Flogging A (Battery-Driven) Dead Horse
Noseweek|September 2020
Why plug-in vehicles are not all they’re cracked up to be– and, likely, never will be
Nigel Fox

A scandinavian electric vehicle company is expected to showcase a prototype electric truck later this year. This “state-of-the-art” design will have a range of 160km and a top speed of 80km/h. Wow! That’s a similar performance to a battery-powered milk delivery truck of the 1960s.

Not much progress after more than 50 years. And it doesn’t address the charge barrier that all battery-powered vehicles face – that is the time taken to fully charge the battery and for how long and how far it will power the vehicle.

The Tesla Model S has a top speed of around 250km/h, a range of 600km, and an acceleration of 3.7 seconds to 100km/h. Impressive. But there’s still the battery charge barrier. It’s a genuine Catch 22.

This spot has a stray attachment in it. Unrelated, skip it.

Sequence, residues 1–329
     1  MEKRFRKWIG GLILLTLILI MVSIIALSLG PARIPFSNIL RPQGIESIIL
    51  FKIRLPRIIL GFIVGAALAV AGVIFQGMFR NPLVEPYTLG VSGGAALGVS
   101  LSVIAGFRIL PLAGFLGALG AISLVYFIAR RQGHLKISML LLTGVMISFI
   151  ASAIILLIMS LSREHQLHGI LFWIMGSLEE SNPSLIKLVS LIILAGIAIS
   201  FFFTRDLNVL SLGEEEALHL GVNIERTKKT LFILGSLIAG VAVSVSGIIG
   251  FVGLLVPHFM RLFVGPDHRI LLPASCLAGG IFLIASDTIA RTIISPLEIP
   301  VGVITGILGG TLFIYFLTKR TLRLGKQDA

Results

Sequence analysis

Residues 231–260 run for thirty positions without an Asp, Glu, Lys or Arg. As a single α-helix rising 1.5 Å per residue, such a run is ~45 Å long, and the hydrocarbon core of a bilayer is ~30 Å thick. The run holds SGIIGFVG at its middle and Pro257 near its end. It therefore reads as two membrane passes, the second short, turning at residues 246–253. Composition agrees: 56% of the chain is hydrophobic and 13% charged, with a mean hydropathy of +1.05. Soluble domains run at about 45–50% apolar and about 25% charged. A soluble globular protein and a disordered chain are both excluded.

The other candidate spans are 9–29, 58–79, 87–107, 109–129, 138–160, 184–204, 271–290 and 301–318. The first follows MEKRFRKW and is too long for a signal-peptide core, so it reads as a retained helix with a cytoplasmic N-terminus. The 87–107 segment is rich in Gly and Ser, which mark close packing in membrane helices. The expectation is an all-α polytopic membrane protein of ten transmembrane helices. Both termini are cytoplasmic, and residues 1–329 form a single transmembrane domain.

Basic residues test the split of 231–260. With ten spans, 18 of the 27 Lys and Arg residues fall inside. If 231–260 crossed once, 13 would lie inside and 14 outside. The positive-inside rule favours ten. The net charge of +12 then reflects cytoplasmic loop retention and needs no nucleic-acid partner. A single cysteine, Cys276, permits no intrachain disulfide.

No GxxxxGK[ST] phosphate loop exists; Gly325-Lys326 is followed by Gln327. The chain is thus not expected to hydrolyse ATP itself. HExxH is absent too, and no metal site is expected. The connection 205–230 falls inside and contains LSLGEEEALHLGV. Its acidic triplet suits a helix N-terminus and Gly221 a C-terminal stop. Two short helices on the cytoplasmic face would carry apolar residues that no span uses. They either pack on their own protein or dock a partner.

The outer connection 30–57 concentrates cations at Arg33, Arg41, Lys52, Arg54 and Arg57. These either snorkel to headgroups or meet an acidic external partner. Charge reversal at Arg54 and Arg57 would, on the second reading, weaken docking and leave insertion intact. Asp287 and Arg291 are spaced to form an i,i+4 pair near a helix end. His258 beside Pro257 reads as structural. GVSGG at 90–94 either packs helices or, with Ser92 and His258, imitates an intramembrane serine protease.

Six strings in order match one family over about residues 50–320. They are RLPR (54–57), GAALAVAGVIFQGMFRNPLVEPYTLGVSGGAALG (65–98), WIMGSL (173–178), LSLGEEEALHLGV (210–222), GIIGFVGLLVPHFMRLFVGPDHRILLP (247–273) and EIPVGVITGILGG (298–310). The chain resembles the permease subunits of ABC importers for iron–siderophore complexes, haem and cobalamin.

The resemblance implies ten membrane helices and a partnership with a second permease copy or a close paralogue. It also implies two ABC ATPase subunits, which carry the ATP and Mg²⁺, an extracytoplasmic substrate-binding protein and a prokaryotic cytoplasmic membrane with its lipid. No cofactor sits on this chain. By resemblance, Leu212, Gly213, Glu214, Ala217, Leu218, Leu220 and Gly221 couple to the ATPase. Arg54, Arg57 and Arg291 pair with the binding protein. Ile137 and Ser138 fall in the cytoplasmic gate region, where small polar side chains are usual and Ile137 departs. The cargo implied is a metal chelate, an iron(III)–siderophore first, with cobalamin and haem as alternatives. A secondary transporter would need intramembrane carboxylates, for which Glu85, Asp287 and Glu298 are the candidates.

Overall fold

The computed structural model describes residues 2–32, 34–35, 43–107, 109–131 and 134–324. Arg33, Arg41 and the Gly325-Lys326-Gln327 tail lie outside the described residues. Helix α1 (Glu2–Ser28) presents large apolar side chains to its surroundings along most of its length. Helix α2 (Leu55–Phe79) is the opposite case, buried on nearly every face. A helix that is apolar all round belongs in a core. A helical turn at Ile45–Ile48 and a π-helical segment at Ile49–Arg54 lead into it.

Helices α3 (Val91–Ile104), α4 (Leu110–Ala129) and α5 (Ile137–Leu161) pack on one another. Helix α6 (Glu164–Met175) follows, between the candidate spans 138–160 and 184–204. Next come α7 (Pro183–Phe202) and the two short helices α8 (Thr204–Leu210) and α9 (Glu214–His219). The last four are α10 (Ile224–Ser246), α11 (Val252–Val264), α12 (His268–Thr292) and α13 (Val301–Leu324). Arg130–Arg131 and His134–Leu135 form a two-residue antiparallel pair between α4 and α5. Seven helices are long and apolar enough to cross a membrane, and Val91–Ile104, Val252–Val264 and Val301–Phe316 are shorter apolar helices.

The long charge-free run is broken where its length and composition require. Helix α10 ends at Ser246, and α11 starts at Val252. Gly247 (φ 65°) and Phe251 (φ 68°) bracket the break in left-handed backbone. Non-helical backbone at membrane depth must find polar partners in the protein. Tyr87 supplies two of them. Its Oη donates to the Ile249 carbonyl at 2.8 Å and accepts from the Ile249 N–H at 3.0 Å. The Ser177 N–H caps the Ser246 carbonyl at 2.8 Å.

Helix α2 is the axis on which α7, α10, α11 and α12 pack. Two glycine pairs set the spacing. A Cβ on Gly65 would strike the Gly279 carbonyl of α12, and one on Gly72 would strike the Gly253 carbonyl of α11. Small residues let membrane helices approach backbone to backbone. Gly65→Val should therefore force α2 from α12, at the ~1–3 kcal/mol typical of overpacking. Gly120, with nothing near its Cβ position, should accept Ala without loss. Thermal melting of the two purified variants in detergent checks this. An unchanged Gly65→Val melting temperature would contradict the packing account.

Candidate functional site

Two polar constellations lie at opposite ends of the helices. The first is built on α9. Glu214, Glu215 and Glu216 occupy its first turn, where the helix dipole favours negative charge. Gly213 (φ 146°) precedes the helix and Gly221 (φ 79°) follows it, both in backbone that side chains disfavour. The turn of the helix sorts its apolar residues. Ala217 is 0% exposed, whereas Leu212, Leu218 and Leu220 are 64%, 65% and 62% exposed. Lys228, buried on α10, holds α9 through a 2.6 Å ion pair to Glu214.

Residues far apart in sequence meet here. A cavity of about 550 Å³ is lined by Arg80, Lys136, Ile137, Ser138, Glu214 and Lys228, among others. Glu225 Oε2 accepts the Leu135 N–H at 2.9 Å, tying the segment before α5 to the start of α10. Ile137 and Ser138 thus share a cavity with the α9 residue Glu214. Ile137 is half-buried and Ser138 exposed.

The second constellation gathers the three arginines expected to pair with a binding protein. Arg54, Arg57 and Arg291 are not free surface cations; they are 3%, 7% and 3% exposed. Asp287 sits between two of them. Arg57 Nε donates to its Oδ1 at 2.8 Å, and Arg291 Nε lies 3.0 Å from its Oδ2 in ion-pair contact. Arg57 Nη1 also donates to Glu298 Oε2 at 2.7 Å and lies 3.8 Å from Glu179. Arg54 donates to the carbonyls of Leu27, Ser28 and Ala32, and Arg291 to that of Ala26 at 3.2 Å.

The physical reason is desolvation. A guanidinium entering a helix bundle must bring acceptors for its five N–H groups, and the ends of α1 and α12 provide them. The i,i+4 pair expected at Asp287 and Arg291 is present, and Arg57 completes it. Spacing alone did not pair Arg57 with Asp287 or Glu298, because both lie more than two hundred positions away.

There won’t be enough public fast-charging stations until more people buy electric cars, which they’re not going to do because there aren’t enough public fast-charging stations.

We won’t mention the other problem of potential electricity grid interruptions that used to be unthinkable until the advent of load-shedding.

All those decades of furious research by huge corporations and still no massively significant success. The technology pot for batteries has long been emptied but researchers and engineers are still licking it out looking for marginal performance increases. Are there really no groundbreaking alternatives?

Prolific inventor and vacuum cleaner mogul, Sir James Dyson, launched an R50 billion electric car plant in Singapore for vehicles based on solid-state batteries which reputedly offer faster recharge, higher voltage, and longer cycle life.

That project was shut down in October 2019 because it was “not commercially viable”.

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